We can’t afford penalty rates, but you can’t scrimp on destroying the planet

July 8, 2017

Much has been made of the fact that on June 23, the same day the Fair Work Commission slashed penalty rates for retail and hospitality workers, federal politicians were granted yet another pay rise.

But actually, a far better example of the disturbing nature of the status quo is that 700,000 people face a significant pay cut at the same time that the government is likely to grant Adani a $1 billion subsidy to build the Carmichael mega coalmine, which will hugely contribute to runaway global warming and threatens the survival of human civilisation.

This comes on top of the $7.7 billion in taxpayer subsidies already granted annually to the fossil fuel industry.

Times may be so tough that we can’t afford to pay retail workers enough to enable them to pay their rent, but there are some things you don’t scrimp on, like bringing on an ecoholocaust.

These politicians make Heath Ledger’s Joker seem like a well-balanced human being. The Joker may have wanted to just watch the world burn, but at least he didn’t charge the taxpayer ever-rising six-figure annual salaries with gold-plated pensions to do it.

The Carmichael mine will almost certainly condemn the Great Barrier Reef to death. In terms of the economic consequences of this, the reef was recently valued at $56 billion by Deloitte economists.

Now, I get the point here is to emphasise just how many people’s livelihoods are threatened by the destruction of the reef, but I don’t think it’s wise to put dollar signs on anything these days. It just risks giving the bastards ideas and we could soon see the World Heritage site listed on the stock exchange or flogged off wholesale to Goldman Sachs.

That said, it does reveal the hollow nature of the stated justifications for giving destructive industries not just a free reign, but large chunks of taxpayers cash — that is, they are needed for economic growth and jobs.

This commitment to total destruction is almost admirable.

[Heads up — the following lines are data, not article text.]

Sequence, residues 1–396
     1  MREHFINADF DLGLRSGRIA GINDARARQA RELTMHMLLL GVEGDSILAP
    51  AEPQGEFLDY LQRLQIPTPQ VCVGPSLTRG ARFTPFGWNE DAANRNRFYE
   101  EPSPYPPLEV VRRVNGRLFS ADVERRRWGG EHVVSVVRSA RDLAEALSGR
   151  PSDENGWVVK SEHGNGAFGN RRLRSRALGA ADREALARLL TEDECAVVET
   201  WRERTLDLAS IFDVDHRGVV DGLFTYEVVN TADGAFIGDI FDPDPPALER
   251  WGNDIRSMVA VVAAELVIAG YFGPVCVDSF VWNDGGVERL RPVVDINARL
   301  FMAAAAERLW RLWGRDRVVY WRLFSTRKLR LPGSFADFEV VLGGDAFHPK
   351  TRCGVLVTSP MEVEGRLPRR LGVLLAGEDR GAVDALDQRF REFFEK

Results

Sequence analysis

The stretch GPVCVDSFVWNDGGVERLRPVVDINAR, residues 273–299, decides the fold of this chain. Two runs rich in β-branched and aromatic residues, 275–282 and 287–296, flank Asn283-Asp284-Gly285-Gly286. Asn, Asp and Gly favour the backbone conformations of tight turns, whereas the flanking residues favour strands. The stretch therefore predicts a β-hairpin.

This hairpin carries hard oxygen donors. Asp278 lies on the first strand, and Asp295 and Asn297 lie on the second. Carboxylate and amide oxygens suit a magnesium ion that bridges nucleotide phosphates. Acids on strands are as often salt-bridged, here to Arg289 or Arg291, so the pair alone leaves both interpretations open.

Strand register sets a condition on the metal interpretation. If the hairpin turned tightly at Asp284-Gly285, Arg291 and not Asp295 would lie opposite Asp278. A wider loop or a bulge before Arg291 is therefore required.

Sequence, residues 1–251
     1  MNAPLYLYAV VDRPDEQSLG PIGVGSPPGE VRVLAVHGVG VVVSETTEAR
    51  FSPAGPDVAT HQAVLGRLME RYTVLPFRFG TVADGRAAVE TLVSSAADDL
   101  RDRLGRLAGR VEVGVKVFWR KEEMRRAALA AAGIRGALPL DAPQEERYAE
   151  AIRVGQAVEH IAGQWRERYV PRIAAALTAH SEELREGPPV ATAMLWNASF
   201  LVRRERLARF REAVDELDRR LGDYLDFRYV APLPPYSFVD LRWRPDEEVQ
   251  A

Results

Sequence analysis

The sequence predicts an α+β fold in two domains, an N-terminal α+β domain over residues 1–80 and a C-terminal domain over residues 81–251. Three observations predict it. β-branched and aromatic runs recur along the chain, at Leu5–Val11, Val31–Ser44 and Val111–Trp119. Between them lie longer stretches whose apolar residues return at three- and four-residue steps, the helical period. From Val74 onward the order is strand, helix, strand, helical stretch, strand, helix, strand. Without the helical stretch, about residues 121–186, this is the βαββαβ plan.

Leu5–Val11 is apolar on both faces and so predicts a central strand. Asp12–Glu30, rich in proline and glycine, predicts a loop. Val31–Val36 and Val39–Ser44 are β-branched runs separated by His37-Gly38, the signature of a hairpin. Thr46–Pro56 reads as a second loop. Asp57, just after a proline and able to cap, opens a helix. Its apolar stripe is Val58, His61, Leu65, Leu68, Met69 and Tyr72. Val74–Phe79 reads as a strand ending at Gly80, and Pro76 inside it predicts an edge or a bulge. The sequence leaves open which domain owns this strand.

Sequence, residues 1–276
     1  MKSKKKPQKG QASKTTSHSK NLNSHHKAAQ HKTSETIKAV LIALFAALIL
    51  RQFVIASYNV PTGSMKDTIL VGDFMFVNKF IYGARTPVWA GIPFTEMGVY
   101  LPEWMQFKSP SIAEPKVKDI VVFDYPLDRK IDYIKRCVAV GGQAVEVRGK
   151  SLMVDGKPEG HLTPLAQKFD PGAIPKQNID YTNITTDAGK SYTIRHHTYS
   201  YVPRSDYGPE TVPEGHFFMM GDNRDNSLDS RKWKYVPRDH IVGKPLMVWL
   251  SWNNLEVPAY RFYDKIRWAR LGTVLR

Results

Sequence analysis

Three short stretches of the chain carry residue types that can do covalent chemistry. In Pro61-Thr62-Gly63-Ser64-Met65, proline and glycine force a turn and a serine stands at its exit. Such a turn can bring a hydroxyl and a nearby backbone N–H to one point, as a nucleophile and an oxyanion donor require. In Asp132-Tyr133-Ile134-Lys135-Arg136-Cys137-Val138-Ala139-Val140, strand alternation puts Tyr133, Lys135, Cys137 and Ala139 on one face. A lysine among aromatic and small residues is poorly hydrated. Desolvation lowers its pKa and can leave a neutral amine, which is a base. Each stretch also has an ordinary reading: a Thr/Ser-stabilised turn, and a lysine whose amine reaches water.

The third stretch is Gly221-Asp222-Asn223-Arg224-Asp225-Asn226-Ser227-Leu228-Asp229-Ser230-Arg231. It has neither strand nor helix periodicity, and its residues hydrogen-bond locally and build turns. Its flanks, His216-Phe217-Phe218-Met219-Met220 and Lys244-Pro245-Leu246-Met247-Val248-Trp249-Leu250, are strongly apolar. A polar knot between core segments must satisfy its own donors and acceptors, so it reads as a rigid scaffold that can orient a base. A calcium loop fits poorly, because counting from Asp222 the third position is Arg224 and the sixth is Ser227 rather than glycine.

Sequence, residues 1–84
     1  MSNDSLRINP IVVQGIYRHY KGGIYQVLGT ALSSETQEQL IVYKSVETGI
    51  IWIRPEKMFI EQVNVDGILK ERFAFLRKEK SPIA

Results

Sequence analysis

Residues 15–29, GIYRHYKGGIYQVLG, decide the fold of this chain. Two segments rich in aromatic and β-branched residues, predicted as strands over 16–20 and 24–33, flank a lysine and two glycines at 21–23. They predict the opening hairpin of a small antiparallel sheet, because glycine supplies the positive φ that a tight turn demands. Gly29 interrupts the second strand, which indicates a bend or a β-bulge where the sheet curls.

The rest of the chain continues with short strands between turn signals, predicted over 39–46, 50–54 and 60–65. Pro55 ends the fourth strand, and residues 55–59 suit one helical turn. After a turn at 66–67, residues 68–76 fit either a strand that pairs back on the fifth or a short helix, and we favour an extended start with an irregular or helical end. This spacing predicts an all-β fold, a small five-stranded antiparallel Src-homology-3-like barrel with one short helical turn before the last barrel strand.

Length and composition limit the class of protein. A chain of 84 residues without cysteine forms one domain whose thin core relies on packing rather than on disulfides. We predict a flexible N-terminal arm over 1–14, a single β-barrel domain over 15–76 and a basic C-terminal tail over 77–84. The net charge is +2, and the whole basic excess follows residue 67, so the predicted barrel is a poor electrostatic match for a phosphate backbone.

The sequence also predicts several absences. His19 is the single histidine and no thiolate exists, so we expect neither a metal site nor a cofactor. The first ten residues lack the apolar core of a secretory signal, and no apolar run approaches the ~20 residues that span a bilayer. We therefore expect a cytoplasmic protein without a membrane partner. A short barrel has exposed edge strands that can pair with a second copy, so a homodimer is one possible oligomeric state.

Sure it doesn’t even make short-term economic sense, if we extend our concept of the economy beyond the bank balances of major shareholders in giant corporations, but it is the principle of the thing.

Meanwhile, the signs of worsening disaster keep growing. For instance, a huge chunk of ice larger than Bali, is about to break off one of Antarctica’s largest ice sheets.

Media coverage of this soon to be iceberg “of biblical proportions”, as scientist Mark Drinkwater called it, have run with the quirky label of “Bergxit” to describe the phenomena and hype surrounding it.

Presumably this is because terrifying symptoms of the escalating ecoholocaust destroying the planet’s capacity to sustain life don’t seem so bad if you can give them cute and catchy nicknames.

Meanwhile, presumably because retail giants just haven’t had enough good news, a new government program will force young unemployed people to work as “interns” in the industry, no doubt picking up valuable skills such as “how to stack a shelf” and “floor sweeping”.

Some have complained that this is giving large corporations workers for free, but this just isn’t true. These large companies will actually be paid by the government for taking on free labour.

Vice reported: “All employers who host an intern, meanwhile, receive a nice little upfront payment of $1000 for their troubles. There's a further $10,000 bonus for those who hire interns after their extensive unpaid trial period.”

They say there’s no such thing as a free lunch, but it seems there is a free labour force, delivered by a government determined to help the 1% capture as much wealth as possible before the planet becomes uninhabitable.

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